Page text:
When the Detroit Lions took Eric Ebron with the 10th pick of the 2014 NFL draft, they passed on the best defensive player of this generation and a future first ballot Hall of Famer in Aaron Donald.
Ebron played four middling seasons with the Lions, where he was a part-time starter and sometimes weapon on offense. The seven players drafted directly after him have each made multiple Pro Bowls in their careers, and three of the seven — Donald, Odell Beckham Jr. and Zack Martin — were at one point at least in the conversation for the best player at their position in the game.
Ebron, by any measure, was a mistake of a draft pick at 10. Had the Lions taken Donald, the past decade might have looked significantly different in Detroit.
But to the regime that drafted him, Ebron was not their most regrettable choice.
Three years before doinking that draft pick, in the midst of building what they hoped would be a long-term contender, the Lions spent the 11th pick of the 2011 draft on Auburn defensive tackle Nick Fairley.
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The Lions had drafted cornerstone players for their rebuild each of the previous two springs in Matthew Stafford and Ndamukong Suh, and when Fairley slid from his perch as a projected top-five pick on draft day due to character concerns, the Lions were too enamored with his talent to pass up.
Fairley played well when he wanted to in Detroit, but his flashes of dominance were few and far between. As well liked as he was, he didn’t fit the vibe of what the Lions were trying to build. And his presence came at an opportunity cost to the team.
That draft pick was far from the only reason things went off the rails for the Lions a decade ago, but it does serve as a cautionary tale for what these Lions are trying to build now — and for the choice general manager Brad Holmes and head coach Dan Campbell might have to make next month.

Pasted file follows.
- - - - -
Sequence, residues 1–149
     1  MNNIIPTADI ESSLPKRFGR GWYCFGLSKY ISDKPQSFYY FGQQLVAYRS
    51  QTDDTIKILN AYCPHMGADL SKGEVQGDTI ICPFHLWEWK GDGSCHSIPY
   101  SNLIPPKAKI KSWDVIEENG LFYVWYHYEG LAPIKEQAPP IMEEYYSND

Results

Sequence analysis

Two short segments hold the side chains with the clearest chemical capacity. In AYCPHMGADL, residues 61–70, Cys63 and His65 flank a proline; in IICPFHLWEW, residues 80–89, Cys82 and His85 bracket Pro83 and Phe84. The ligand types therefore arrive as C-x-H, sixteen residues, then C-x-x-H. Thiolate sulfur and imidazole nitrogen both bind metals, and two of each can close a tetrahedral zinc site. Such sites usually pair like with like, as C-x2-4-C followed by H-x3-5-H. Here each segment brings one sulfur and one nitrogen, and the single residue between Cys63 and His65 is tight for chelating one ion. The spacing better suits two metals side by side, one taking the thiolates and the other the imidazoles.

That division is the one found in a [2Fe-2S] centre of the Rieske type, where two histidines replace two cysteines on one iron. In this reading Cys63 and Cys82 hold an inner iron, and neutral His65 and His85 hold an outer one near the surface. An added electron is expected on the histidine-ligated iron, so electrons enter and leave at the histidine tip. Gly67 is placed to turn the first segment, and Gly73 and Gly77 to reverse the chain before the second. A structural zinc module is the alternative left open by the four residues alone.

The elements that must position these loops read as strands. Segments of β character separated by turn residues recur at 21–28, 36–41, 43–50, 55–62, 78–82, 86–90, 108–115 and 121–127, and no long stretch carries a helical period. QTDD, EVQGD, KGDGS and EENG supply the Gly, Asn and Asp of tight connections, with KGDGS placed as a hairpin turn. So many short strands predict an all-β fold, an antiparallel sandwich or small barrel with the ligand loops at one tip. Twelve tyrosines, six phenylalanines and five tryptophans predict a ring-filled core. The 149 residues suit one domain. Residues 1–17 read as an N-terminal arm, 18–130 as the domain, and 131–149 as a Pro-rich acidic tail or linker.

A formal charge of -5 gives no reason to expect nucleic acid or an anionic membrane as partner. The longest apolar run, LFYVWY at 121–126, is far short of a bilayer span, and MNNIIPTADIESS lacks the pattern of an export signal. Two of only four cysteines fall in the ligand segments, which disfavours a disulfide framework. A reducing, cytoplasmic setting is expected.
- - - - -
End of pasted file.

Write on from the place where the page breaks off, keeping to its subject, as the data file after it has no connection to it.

By taking cornerstone players Penei Sewell and Aidan Hutchinson with their top picks of the first two years of their latest rebuild, the Lions have poured the foundation for what could be something special.
They have a gritty, nasty, try-hard group of players that’s talented enough to win games and tight enough in the locker room to stay even-keeled when they don’t.
It’s an exciting but still delicate time in Detroit, and with two first-round picks in this year’s draft — including the No. 6 overall selection — the Lions have a chance to put more pillars in place of a long-term contender.
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Georgia defensive tackle Jalen Carter could absolutely be one of those pillars. He is the most talented player in the draft, and he would fill one of the Lions’ biggest needs as a disruptive interior pass rusher to pair with Hutchinson and James Houston for years to come.
But like Fairley in 2011, Carter is dogged by character concerns a month out from the draft. He pleaded no contest to misdemeanor counts of reckless driving and racing in connection with an accident that killed one of his teammates and a Georgia football staffer. He reportedly showed up 9 pounds overweight to his pro day, then could not finish drills in front of scouts. And ESPN analyst Todd McShay referenced more character concerns, specifically his locker room demeanor, back in December before it was popular to bag on Carter as a draft pick.
None of those things by itself is a disqualifier for a prospect. Carter is an excellent football, and there are plenty of all-time greats who weren’t universally beloved in locker rooms. One scout on a team with a top-10 pick told me Carter looked like his dominant self at the start of his pro day workout, only to tire as the session wore on. And Carter has resolved his legal charges, will pay a fine and do community service, and has no known criminal culpability for the crash.